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Meanwhile, Bank Indonesia Is Planning To Develop Its Own CBDC Project

Indonesian central bank governor Perry Warjiyo announced that Bank Indonesia would prohibit the use of cryptocurrencies as a payment option. The announcement, made by Warjiyo on June 15, also suggests cryptocurrencies would be banned for “other financial services tools,” despite the governor not declaring exactly which services.

This is yet another crackdown on cryptocurrencies by the Indonesian government, as the governments banned 26 investment businesses/peer-to-peer lending platforms because they were unlicensed by the Indonesian laws.

In fact, cryptocurrencies are not recognized as a means of payment by the constitution or by central bank laws, meaning that receiving a license is nearly an impossible task to achieve. Warjiyo also noted that he expects “financial institutions to follow this policy accordingly.”

In order to ensure law compliance, the Indonesian government is mobilizing watchdog teams to ensure companies are compliant with the recent ban.

Tongam Lumban Tobing, the head of the task force behind the widespread ban, went a step further, declaring one of the biggest crypto exchanges to date, Binance, as illegal. According to Tongam, banning Binance is “because it did not have permission from the competent authorities.”

The saga between Binance and Indonesian financial regulators date back to October 2020, as Tongam said the task force issued a ban on Binance on October 27, 2020, and it would “continue to be banned as long as there was no permission from the Commodity Futures Regulatory Agency (Bappebti)”.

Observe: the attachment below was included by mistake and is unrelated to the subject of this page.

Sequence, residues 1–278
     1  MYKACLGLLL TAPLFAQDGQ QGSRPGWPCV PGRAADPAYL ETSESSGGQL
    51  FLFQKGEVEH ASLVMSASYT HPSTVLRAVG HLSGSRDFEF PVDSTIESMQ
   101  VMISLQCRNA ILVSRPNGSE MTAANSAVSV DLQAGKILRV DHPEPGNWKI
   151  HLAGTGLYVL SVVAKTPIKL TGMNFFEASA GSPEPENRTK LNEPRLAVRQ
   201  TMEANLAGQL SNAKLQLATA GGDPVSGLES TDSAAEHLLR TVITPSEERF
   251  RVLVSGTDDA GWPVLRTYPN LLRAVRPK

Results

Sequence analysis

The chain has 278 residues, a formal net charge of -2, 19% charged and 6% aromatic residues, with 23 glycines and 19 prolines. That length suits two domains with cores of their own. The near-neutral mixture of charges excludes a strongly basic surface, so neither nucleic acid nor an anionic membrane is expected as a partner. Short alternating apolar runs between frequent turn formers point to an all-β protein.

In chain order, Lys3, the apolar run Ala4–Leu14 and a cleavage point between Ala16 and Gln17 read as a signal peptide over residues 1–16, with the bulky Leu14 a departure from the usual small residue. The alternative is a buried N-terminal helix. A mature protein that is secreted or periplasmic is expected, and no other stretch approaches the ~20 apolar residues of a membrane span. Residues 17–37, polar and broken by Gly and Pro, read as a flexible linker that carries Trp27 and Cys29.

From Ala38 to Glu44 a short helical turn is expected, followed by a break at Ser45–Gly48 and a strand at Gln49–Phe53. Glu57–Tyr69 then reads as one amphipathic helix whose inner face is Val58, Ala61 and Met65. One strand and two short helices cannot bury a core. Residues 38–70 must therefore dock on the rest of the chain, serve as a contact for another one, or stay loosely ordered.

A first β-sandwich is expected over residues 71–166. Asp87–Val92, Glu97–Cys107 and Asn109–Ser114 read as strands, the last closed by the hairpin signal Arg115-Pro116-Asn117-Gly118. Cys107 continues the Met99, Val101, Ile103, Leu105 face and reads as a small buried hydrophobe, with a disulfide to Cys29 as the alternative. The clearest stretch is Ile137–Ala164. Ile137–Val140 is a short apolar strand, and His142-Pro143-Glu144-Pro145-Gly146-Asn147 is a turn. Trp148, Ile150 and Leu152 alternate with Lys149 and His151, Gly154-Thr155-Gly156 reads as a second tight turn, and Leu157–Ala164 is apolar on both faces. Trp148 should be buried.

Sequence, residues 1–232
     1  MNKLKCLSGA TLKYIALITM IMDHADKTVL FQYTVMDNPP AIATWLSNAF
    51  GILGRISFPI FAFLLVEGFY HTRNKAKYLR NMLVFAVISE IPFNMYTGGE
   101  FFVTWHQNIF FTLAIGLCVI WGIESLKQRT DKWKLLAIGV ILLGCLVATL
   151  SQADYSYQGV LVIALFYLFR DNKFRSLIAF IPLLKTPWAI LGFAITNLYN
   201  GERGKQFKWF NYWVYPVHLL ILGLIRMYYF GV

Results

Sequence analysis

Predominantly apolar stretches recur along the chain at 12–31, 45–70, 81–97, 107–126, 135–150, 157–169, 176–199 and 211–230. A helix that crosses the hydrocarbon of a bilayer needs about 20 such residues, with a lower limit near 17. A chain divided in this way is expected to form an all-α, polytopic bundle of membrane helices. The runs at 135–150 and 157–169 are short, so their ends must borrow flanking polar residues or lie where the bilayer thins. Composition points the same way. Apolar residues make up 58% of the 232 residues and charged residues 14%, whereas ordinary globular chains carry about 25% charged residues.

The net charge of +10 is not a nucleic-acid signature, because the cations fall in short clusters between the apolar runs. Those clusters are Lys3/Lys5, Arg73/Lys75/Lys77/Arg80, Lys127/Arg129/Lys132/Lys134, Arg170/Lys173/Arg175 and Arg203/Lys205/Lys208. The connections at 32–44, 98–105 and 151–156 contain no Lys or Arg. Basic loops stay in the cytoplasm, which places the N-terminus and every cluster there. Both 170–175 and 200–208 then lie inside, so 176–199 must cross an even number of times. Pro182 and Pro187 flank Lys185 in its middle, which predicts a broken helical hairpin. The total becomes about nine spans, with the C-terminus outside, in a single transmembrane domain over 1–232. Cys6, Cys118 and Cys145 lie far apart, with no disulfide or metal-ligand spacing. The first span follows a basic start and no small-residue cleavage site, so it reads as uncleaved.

Meanwhile, financial experts noted that Indonesia would not ban cryptocurrencies completely, as legislators are preparing a series of taxation policies since cryptocurrencies are considered as commodities.

However, the holding and trading of cryptocurrencies are still legal, with only using cryptos as a payment option being banned. The moves by Bank Indonesia closely mimic the actions, taken by the Chinese government to stop the use of cryptos for payment until a CBDC project comes to life.

The same case is also evident for Indonesia, as its central bank is preparing the development of its own CBDC, focusing on speeding up digital payments. Indonesia joins China, France, Japan, Canada, and other nations, developing or planning to develop a central bank-issued digital currency. Central bank digital currencies (CBDC) are seemingly more and more the main focus of governments and central banks, as they strive to maintain sovereignty on legal tender.

Furthermore, the Bank for International Settlements (BIS) has issued several warnings about cryptocurrencies and their ongoing volatility issues, while supporting the research and developments of CBDCs. The authority has called for global cooperation CBDCs creation and deployment, declaring CBDCs as a “novel idea that will take time to fully implement.”

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